“Young interventional radiologists have got a very exciting future,” Trevor Cleveland (Sheffield, UK, and a former president of the British Society of Interventional Radiology [BSIR]), tells Interventional News. In 2021, Cleveland delivered the Wattie Fletcher lecture at the BSIR Annual Scientific Meeting (8–10 December, Glasgow, UK).
In discussing the rapid transformation seen in interventional radiology (IR) during his career, Cleveland draws out the revolutions in treatment for gastrointestinal (GI) bleeding, oncology, and trauma that have all been marked by a shift to more minimally-invasive treatments. In his view, the ability for IR to provide a 24-hour service, generate evidence for good patient care, and grasp technological advances have been central to underpin success and “embrace the change”.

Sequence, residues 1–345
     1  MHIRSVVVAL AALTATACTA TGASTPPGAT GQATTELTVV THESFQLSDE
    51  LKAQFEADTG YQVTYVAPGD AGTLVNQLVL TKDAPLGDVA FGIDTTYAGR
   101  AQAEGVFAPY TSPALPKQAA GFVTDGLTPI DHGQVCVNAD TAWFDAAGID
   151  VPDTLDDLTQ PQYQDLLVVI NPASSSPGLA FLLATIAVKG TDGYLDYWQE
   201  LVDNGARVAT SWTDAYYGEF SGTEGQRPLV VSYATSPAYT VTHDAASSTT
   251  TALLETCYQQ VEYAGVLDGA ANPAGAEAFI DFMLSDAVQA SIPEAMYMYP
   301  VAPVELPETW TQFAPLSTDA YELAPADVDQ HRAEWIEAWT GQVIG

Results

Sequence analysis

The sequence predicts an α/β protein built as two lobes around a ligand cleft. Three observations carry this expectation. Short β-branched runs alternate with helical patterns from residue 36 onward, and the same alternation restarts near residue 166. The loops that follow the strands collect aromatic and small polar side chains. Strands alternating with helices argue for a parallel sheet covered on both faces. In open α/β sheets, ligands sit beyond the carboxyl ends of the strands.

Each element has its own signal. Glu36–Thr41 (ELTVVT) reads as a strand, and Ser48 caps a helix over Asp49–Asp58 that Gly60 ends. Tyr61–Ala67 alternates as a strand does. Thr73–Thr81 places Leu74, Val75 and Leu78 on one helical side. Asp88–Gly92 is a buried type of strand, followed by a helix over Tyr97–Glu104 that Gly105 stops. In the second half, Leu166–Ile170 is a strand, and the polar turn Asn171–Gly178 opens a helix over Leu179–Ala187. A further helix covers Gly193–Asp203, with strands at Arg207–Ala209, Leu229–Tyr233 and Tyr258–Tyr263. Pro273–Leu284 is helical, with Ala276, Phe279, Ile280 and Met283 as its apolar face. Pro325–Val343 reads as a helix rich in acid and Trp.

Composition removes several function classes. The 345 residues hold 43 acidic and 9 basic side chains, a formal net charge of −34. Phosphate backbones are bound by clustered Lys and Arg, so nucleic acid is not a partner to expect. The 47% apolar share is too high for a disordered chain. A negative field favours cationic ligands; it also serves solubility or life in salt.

“We are very dependent on, and use a lot of high-tech devices. […] One of the reasons we did not treat GI bleeds was because the coils were big, cumbersome, and difficult to deliver. Nowadays, we have got microcatheters and microcoils and we can really get right to work to where the bleeding is a problem,” he explains.
And, on the subject of evidence, Cleveland says, “evidence is king, really, isn’t it?”